Long before the medical world gave a name to OCD I began to wear my lucky turquoise boxer shorts and my purple socks. Not a great fashion statement-but goodness gracious, such a lucky combo!
They are only good for selling, they are impotent on buying trips. But on days when the appointments diary throws up some likely high spending customers, there`s nothing like them for boosting the takings.
On occasion, when someone`s turned up unexpectedly, I`ve been known to run down the side corridor and rush home if I`m not wearing the lucky combo!
Fortunately I have several pairs of the turquoise boxers and I have been unwilling to try to distinguish whether one pair is luckier than another. But I have only ever had two pairs of purple socks. The first pair burst at the toes long since. I tried to wear them on top of a rather fetching pair of pink Paul Smith socks, but Mr Smith`s ones seemed to have a bad effect and takings slumped. A replacement pair of purple was purchased-but only one pair: I have my doubts about more than one pair, even though it works with the pants.
A handful of superstitions have ruled my antiques trading career. I always enter an antiques fair and turn right. It doesn`t always, always, always work. I`ve tried varying it-but that never ever works.
In the days when I went to Clignancourt flea market, every Friday, I had to be the first through the iron gates when they opened on the dot of 5am. Back then I could fly to Paris, flights were scrapped the moment Eurostar opened up the line to the French capital.
I would always sit in seat 1F.
By the time I was forced to travel by Eurostar seat allocation was very different and was carried out at random by computer. Buying at the flea market was never the same again.
A ritual on arrival at the flea market dictated that I would have to stand at the bow end of the bar in the Cafe Paul Bert, only right at the apex of the bow end would do. If I`d been delayed, delving in the back of a dealer`s car in the Rue Jules Vallees and missed my optimum position then I`d wait to order my coffee and croissant until the space was vacated.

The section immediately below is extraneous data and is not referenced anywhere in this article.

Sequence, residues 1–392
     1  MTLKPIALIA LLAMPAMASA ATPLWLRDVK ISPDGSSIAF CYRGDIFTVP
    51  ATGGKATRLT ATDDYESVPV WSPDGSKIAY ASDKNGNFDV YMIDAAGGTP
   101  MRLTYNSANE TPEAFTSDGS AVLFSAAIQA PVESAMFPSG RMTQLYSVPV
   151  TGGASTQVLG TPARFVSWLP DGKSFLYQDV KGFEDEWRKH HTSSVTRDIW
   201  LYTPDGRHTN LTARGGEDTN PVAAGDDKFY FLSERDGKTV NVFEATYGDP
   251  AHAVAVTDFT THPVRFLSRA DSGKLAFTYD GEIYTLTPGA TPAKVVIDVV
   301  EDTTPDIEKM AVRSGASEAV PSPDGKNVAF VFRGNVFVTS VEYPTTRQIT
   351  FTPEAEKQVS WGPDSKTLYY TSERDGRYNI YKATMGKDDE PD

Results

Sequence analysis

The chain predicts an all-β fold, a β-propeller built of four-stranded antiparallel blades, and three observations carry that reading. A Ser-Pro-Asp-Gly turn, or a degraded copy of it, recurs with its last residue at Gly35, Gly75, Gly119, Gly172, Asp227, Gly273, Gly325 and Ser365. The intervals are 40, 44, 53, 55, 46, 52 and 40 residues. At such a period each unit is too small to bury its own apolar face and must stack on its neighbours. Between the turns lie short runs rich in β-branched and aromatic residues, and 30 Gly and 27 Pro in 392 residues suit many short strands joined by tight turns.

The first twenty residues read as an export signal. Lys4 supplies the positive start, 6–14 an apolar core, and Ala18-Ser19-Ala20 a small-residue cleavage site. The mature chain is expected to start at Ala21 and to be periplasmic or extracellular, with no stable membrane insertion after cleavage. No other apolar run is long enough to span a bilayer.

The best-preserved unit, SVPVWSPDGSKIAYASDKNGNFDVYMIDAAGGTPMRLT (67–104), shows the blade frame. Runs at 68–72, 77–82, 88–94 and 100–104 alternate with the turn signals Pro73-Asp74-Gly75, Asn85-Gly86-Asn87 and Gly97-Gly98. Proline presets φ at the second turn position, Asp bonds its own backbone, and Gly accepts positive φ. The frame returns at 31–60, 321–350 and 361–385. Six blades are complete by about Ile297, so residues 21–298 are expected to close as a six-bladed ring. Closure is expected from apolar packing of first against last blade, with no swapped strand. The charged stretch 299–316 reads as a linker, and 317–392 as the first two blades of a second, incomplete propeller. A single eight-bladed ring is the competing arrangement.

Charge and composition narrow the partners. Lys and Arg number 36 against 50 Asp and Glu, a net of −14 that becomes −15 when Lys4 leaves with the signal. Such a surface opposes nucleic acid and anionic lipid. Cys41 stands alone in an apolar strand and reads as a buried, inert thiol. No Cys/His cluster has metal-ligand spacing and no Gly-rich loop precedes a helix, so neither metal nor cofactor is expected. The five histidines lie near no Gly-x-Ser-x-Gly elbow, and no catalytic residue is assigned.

Once a month I was joined by Laurence, a London dealer, he wouldn`t mind me saying, is a man who watches every penny of his expenses.
But he is almost as superstitious as I am.
About ten years ago he bought me a coffee at 5.30am(I don`t think he has a special place to stand), that week he had one of his best buying mornings. From then onwards he had to buy me a coffee each time. he wouldn`t buy my croissant, I had to pay for that as it was not part of the ritual!
One day I insisted on paying for him. boy, was it a useless morning afterwards.
Another place I have always been the first through the door is Bath Decorative Fair, held each year in early March. This entails huddling in a cold stone doorway for several hours until opening at noon.
One year I was delayed by a crash on the motorway and arrived to find the lady from Spitalfields, who is often second in line had beaten me to it. Fortunately she is as superstitious as me and said I had to go first. She was afraid it wouldn`t be the same for her, if she went first. luckily she turned left, so we don`t get in each others way.
Another habit dictates each day, each morning on the way to the shop in Arundel( it`s a long commute from our house around the corner!) I always walk down King`s Arms Hill where I am faced with five early 19th century iron balustrades at the top of the hill.
Even Dealer my border terrier (amazingly he was named this before he came to live with us) knows that you only walk between balustrade two and balustrade three. When he starts wearing purple socks, I`ll know we`re both barking!!
2pm....(Since photographing Dealer in purple socks this morning I have received a healthy cheque in the post and a good appointment for January. methinks this isn`t the last morning dealer will be invited to put the socks on!).